A legal challenge has been filed against the Andrews government’s curfew policy, arguing it is unreasonable, disproportionate, and violates the human rights of millions of Victorians.
Restaurant owner Michelle Loielo filed the writ in the Supreme Court on Tuesday, naming Associate Professor Michelle Giles as the defendant in her capacity as Deputy Public Health Commander.
Premier Daniel Andrews on Tuesday.Credit:Joe Armao
Ms Loielo, 41, said she feels “helpless” in the face of ongoing restrictions and fears that seeing the revenue of her business, Unica Cucina E Caffe, in Capel Sound on the Mornington Peninsula, drop by an estimated 99 per cent may result in her losing her house.
“The toll on my children is the greatest concern to me,” she says in a sworn affidavit.
Two sources with knowledge of the litigation have told The Age the case is being backed by prominent business figures.
Ms Loielo lost her husband to cancer two-and-a-half years ago and she is now the primary carer for her three daughters.
“I am the sole financial provider for my three children and I am genuinely concerned that I am not going to be able to provide for my children if this situation continues.”
The government has said the curfew will remain in place until October 26, or until Melbourne reaches a fourteen-day average of five cases per day. The curfew came into effect on August 2.
If successful, the suit may render the curfew invalid and affect the lives of millions of Victorians in one decision.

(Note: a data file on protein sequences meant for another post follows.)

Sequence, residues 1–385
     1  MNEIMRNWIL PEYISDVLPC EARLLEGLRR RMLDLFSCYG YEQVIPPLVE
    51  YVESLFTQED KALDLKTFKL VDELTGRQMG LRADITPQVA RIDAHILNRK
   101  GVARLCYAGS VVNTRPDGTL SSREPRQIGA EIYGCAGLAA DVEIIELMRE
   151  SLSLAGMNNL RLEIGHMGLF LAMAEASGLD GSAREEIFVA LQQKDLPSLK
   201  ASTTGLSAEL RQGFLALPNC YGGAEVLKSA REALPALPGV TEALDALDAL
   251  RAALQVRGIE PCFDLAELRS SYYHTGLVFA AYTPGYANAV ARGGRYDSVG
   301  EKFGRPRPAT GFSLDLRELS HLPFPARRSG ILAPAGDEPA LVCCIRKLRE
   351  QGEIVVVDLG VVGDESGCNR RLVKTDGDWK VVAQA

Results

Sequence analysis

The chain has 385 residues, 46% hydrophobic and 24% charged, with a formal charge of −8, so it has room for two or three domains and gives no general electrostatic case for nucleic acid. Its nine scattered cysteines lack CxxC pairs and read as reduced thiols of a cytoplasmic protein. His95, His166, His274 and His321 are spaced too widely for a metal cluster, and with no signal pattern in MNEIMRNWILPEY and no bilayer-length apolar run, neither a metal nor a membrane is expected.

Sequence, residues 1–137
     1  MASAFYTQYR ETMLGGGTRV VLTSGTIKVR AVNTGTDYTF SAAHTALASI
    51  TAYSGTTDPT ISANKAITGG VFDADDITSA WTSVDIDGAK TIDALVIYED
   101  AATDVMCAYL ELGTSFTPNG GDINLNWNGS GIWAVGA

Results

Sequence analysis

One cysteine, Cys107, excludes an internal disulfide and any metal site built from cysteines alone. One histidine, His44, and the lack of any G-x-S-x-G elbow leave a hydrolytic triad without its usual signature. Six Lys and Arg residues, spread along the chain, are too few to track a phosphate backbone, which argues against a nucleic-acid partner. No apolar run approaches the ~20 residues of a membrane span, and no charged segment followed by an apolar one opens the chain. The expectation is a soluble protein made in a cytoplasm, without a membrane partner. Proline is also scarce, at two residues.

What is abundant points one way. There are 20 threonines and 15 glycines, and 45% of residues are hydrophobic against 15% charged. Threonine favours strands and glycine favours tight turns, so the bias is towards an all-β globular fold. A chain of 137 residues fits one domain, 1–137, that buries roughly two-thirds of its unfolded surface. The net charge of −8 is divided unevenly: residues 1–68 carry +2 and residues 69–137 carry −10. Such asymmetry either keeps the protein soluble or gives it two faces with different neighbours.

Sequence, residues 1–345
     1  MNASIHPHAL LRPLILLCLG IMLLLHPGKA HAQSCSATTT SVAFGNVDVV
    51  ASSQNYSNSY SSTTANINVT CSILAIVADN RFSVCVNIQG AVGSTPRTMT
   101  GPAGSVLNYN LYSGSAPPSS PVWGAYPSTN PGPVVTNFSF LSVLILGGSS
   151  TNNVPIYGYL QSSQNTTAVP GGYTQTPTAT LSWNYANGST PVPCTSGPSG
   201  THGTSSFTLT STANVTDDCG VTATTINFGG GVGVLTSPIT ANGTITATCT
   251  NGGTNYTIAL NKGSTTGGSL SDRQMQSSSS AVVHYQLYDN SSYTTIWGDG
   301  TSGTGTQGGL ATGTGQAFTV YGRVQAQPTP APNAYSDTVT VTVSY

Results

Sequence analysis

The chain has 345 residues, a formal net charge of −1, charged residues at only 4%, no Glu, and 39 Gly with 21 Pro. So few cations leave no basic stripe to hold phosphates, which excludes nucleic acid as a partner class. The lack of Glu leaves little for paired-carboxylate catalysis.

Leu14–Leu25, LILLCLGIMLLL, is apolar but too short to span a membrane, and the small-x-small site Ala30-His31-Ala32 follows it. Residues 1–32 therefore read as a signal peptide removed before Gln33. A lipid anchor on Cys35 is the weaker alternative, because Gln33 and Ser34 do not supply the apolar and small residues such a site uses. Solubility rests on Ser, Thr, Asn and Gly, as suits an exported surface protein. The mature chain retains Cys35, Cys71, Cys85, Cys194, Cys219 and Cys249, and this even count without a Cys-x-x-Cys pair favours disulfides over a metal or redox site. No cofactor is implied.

The writ states that the human rights of Victorians have been infringed and that the curfew amounts to an unlawful restriction of movement, arbitrary detention and a deprivation of liberty.
"The defendant acted under the direction and at the behest of the Premier of Victoria … and failed to give any real independent consideration as to whether it was appropriate to make the curfew directive," the writ states.
"The curfew directive is invalid on the grounds of irrationality and illogicality … in that it is arbitrary, capricious, unjust and not based on relevant and reliable evidence."
"The curfew directive has had, and continues to have, the effect of violating the human rights of the plaintiff," and "the defendant has contravened section 38 of the Charter."
The curfew currently limits Victorians to a maximum of two hours exercise each day and mandates that from 9pm to 5am residents must be inside their homes. The writ is not challenging the exercise restriction.
Last week the future of the curfew was thrown into doubt after Premier Daniel Andrews admitted it was the government who decided to put it in place, and it was not requested by health authorities or Victoria Police.
The toll on my children is the greatest concern to me.
Mr Andrews rejected suggestions the policy violated human rights after Liberal Party MP Tim Wilson wrote to the Human Rights Commission claiming the restriction threatened the freedoms of Victorians.
Several high-profile barristers, including former director of the Carlton Football Club Marcus Clarke QC, commercial barrister Vanessa Plain and Administrative Appeals Tribunal member Dr Jason Harkess have been briefed to argue the matter for Ms Loielo.
An application to escalate the case to the Court of Appeal will be heard in the Supreme Court on Wednesday.
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